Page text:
The upshot is that the council will take another look at the proposed ordinance in a work session, and try to come up with a law that conforms to recent state court rulings.
Mayor Majewski cautioned, however, that the council can’t be concerned about what a “crazy” judge might decide. She said some judges are determined to “subvert and twist the law.”
“I don’t want to waste anyone’s time. We have people who depend on it (medical marijuana),” Majewski said.
And now, let’s tip-toe away from this subject to something less controversial.
In a previous meeting, the council ordered the city manager to come up with an appointment of an Acting City Manager in the event that Cooper is absent or becomes incapacitated.
Cooper recommended appointing City Clerk Ed Norris for the job.
Councilmember Jankowski questioned what qualifications Norris brings to the job.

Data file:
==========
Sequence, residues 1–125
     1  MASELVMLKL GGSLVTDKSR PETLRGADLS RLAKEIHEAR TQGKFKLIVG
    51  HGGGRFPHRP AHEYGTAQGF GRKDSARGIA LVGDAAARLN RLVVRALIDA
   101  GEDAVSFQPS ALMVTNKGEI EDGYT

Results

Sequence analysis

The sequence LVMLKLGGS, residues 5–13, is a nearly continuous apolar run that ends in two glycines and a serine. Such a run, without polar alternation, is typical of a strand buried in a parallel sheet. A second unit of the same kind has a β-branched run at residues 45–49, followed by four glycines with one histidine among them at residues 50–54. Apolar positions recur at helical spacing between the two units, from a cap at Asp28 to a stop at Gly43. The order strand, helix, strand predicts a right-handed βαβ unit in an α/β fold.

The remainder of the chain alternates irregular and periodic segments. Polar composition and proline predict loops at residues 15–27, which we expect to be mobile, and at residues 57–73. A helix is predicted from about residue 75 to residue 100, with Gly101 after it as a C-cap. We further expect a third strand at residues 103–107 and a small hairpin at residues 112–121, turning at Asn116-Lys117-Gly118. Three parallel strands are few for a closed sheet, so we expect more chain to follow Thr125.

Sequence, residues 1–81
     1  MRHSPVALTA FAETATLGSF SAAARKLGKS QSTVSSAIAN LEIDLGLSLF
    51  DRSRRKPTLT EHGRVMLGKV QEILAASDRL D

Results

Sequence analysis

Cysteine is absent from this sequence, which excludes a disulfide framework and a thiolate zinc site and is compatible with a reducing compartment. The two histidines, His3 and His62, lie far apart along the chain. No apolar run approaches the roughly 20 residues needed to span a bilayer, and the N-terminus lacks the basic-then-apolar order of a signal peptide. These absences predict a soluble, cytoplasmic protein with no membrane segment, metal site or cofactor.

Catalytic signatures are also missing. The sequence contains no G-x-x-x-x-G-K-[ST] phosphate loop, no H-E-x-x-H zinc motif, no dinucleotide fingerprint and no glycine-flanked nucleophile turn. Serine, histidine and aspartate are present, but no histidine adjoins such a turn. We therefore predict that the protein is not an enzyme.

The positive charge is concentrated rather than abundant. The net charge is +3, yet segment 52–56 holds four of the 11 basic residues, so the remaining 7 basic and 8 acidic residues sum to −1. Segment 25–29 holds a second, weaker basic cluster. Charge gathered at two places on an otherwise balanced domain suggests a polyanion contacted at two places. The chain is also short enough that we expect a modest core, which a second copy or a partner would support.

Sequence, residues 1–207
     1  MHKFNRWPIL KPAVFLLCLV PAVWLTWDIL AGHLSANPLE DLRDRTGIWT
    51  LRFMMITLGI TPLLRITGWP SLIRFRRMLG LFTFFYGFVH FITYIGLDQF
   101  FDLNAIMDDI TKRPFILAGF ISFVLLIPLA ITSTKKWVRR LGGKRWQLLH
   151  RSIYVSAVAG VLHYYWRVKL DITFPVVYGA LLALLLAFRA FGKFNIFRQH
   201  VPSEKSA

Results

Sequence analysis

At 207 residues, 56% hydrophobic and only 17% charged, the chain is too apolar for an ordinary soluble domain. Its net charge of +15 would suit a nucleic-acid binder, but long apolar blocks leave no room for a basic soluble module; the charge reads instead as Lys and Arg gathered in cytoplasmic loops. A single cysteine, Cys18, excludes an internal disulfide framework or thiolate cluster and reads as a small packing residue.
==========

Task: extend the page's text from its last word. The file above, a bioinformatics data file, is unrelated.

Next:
Cooper said that Norris is “no better or worse” than any of his other two department heads. Cooper added that Finance Director Nevrus Nazarko, who some on the council preferred, was “not in the least bit interested” in the appointment.
Cooper pointed out that Norris is at every council meeting.
Councilmember Gordon said that it doesn’t matter if Nazarko doesn’t want the appointment, and that Cooper should have appointed him anyway.
Cooper said that if the council doesn’t approve his appointment of Norris, it can always vote it down and he will submit another appointment.
(Editor’s note: So much for a less controversial subject.)
The appointment of Norris was approved, but Councilmembers Gordon and Jankowski voted in opposition.
Well, we here at City Hall Insider just realized something. It’s the week of Halloween. So far, we are scared. Very scared. Until next week folks, part two awaits.